Challenges Facing Uganda
Ugandan children suffer from entrenched poverty and ongoing effects of HIV/AIDS.7.5 million children are categorized as “orphans or vulnerable children” (OVCs). They live at risk of poverty, child labour, and the increasing threat of child abductions and trafficking. HIV/AIDS has resulted in more women- and child-headed households. With fewer income-generating opportunities, these families are unable to purchase food, attend or send children to school or secure adequate healthcare. The agricultural sector struggles with drought, inefficient production, and poor food storage and distribution, which results in food insecurity for many.
Where We Are Going
Reducing the burden of poverty today. Creating opportunities for the future.
In Uganda, CFTC focuses on achieving long-term, sustainable improvements in the following areas:Community-based health care support, hygiene training, home improvements, and income generation for HIV/AIDS-affected families. Early childhood and primary education, improved educational infrastructure and greater access to education (especially for girls) through community sensitization on child rights. Food security through agriculture-based livelihood opportunities, especially for women, and microfinance programs such as community-led Village Savings and Loans Associations.
How We Are Getting There
Programs that provide comfort, care and sustainable livelihoods to Ugandan families.
CFTC’s local partners support increased agricultural yields, dietary diversity and household income by distributing tools and providing training on farming techniques. The program includes training women and men on the value of good nutrition for the entire household, especially children, and how to grow and harvest produce from kitchen gardens for family consumption.
CFTC supports Village Savings & Loans Associations along with other income-generating programs primarily targeted to HIV/AIDS-affected households and women-headed households. These build women’s economic potential and self-confidence, resulting in stronger and healthier families and communities.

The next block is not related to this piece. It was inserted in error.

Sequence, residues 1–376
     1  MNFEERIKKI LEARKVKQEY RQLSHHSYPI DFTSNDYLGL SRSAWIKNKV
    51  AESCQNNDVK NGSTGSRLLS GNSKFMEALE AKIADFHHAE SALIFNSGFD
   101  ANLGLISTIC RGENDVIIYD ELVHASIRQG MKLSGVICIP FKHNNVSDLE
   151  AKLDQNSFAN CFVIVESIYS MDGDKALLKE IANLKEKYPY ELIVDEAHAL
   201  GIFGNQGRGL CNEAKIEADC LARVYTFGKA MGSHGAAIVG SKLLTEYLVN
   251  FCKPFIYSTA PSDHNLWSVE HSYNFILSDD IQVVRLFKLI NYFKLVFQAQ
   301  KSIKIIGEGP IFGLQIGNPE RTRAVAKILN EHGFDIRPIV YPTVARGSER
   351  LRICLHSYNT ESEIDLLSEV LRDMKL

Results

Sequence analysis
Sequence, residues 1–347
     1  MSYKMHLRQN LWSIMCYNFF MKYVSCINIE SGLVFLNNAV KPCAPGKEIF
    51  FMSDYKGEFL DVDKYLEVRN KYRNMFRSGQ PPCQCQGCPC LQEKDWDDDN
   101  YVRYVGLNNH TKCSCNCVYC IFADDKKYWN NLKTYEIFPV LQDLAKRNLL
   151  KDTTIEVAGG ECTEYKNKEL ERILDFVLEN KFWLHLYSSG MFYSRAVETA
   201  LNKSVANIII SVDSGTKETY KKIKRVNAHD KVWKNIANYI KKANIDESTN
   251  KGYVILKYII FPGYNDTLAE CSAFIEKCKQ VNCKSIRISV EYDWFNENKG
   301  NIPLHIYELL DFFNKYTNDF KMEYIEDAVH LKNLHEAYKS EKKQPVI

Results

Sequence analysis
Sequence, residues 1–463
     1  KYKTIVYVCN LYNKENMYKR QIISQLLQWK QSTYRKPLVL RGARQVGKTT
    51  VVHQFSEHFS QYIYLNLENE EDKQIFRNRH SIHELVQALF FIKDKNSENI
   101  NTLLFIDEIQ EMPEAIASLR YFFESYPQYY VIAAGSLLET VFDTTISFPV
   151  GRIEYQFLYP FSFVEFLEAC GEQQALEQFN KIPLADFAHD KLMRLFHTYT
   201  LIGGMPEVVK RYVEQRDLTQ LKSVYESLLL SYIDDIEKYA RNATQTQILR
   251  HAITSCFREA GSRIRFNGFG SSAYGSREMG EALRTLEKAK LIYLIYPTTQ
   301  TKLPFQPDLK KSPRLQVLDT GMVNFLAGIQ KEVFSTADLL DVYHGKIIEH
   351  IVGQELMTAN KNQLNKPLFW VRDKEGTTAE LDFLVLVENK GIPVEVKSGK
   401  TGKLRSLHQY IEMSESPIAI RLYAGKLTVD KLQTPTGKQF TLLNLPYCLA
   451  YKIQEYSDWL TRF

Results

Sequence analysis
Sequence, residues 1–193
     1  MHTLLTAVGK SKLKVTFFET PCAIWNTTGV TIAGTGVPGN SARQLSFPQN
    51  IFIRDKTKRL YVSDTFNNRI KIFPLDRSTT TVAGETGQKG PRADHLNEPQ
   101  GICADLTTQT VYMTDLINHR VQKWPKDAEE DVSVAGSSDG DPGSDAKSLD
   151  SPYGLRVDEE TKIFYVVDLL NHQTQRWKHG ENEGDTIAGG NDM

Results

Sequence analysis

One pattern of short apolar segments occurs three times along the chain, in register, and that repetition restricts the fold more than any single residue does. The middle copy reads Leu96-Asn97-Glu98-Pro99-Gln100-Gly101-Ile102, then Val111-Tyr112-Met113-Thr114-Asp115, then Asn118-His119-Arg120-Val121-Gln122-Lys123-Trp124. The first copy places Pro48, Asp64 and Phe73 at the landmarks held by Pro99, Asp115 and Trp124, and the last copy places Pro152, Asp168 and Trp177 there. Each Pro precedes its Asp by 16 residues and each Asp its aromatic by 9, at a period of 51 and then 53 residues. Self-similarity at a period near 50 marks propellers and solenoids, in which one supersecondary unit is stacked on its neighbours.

Education, Nutrition & Healthcare through Child Sponsorship
In Kampala, Masindi, Bugiri and Entebbe, CFTC’s local partners deliver integrated support for children within their families and communities through child sponsorship-funded education, nutrition and healthcare.
Community-based support for HIV/AIDS-affected families
Community volunteers work to provide counselling, hygiene training, preventative and remedial health care and referrals, and livelihood support to hundreds of families located in Bugiri District, Eastern Uganda.
Partners In Change
Local partners supporting health and wellness for Ugandans.
Child Rights Empowerment & Development Organization (CEDO) is located in Masindi District and focuses on advocacy, basic education and life skills training initiatives for vulnerable children and their families. CEDO distributes scholastic material, trains caregivers in agricultural techniques and early childhood development programming, and provides insecticide-treated mosquito nets.
HuysLink Community Initiative (HUYSLINCI) is located in Entebbe and Wakiso District and its mission is to contribute to the protection, survival and development of vulnerable children. HUYSLINCI supports primary education, early childhood care and development, teacher training, and agricultural programs that help women-led families gain economic empowerment. They also facilitate education and nutrition workshops for caregivers, local leaders and health workers.
Uganda Community-Based Association for Child Welfare (UCOBAC) is located in Bugiri District and provides home-based-care kits and a team of volunteers who conduct home visits to HIV/AIDS-affected families. Their integrated approach includes supporting health and hygiene; income generation via agricultural initiatives, home gardens, sheep, chickens and goats; and educational initiatives, including community education on child rights, stigma and other issues related to HIV/AIDS.
How You Can Help Children In Uganda
See Change In Action In Uganda
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